“Everyone called him ‘Maksym the intrepid'”, she says about a hundred meters from where traces of her blood still marked the ground more than a month after her death.
Part of that nickname was her willingness to help people who needed to move between shelters.
His final moments came after weeks of Russian military occupation, which he documented in videos and messages even after Shevchuk was evacuated in mid-March due to a lack of food.
Then, on March 17, he and at least one other man left their shelter — Kirieiev was going to get a change of clothes from a nearby construction site, Shevchuk said.
He never came back.
“It’s very important to get justice for Maksym, because if we don’t punish them, they (the Russians) will do the same in the future,” Shevchuk said.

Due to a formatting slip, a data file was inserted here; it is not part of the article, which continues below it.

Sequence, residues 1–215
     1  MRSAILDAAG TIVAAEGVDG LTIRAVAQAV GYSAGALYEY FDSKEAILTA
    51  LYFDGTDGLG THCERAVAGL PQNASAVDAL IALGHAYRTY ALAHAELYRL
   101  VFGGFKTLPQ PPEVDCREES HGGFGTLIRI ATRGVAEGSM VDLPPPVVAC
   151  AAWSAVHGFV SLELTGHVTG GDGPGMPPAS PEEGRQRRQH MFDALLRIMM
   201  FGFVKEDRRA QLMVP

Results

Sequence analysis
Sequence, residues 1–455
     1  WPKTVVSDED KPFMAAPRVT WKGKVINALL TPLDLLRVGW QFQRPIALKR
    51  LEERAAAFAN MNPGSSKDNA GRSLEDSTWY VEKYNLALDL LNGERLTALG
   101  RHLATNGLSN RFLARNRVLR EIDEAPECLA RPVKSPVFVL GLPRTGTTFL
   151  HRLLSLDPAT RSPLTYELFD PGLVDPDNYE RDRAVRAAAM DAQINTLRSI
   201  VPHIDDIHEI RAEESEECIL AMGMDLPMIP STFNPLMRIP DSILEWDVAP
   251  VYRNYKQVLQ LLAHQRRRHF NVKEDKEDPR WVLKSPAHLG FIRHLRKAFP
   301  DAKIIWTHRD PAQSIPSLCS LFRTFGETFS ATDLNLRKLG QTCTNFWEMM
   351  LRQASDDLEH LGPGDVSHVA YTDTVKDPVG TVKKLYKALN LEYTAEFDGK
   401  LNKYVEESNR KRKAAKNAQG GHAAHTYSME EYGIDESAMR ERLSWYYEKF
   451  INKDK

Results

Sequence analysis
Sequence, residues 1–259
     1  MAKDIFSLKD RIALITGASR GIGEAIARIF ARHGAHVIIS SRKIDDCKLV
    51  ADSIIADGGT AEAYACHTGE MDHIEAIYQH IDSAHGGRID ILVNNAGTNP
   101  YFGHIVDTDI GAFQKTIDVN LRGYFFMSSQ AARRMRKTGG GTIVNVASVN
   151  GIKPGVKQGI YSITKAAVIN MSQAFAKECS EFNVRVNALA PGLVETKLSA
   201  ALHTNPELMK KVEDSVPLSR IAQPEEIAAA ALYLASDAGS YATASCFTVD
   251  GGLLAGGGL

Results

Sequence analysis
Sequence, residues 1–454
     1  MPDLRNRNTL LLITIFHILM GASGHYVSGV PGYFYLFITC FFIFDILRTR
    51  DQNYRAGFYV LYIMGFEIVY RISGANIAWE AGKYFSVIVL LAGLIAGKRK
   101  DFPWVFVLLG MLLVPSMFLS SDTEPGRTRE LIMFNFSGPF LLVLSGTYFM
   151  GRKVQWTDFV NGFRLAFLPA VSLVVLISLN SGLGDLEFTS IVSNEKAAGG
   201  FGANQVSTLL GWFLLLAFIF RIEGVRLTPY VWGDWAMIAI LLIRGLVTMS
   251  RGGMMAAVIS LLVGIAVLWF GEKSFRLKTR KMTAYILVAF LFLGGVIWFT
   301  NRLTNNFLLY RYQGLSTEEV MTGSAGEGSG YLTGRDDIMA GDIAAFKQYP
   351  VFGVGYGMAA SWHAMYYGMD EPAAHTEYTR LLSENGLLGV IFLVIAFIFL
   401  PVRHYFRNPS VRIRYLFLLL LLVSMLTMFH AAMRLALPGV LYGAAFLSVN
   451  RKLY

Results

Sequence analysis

A borrowed bicycle
Volodymyr Brovchenko had something to do.
“That day he had to bring the bike to Vorzel. He worked in Vorzel,” his sister-in-law Natalia Zelena said, referring to a nearby town.
“He borrowed the bike from someone and that day he just had to bring it back,” she added, noting that he had held various jobs in his life, including working wood.
His wife tried to dissuade the 68-year-old from making the trip given the dangerous situation, but the father-of-two undertook the trip anyway.
He was shot while cycling on Yablunska around March 5.
Zelena and his wife Svitlana Brovchenko identified him from a photo showing his body in Yablunska.
A neighbor tried to pull his corpse off the street, and this man ended up being shot, but survived according to Zelena.
Brovchenko, thus lay on the sidewalk with a blue bicycle for weeks, until his body was recovered after the Russians withdrew.
“He himself was from Russia, somewhere from the Gorkovsky district,” Zelena said. “But he had lived here since 1976.”